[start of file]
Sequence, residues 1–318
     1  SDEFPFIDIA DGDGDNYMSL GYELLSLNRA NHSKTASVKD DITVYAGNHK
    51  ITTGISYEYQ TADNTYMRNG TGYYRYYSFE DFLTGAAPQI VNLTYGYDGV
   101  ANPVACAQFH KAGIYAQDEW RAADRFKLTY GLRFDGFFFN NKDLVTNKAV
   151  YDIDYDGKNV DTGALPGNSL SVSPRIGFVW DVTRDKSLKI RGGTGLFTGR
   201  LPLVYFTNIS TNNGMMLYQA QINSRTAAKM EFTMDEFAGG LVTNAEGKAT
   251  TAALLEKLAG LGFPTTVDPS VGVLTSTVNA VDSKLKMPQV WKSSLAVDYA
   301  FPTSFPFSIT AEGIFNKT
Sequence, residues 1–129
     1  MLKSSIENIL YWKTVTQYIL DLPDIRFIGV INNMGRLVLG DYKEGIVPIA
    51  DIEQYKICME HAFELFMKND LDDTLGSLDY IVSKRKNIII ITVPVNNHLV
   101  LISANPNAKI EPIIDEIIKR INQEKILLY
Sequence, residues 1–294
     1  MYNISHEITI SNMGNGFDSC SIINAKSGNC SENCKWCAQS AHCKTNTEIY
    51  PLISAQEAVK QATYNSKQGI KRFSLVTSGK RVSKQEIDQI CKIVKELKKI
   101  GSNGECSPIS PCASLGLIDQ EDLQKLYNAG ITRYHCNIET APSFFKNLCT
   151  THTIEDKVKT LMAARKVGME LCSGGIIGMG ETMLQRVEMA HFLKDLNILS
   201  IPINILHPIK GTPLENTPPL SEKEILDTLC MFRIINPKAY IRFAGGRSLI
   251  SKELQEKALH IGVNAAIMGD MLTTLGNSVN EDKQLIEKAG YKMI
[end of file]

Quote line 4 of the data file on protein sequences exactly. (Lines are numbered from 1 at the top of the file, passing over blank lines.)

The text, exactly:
   101  ANPVACAQFH KAGIYAQDEW RAADRFKLTY GLRFDGFFFN NKDLVTNKAV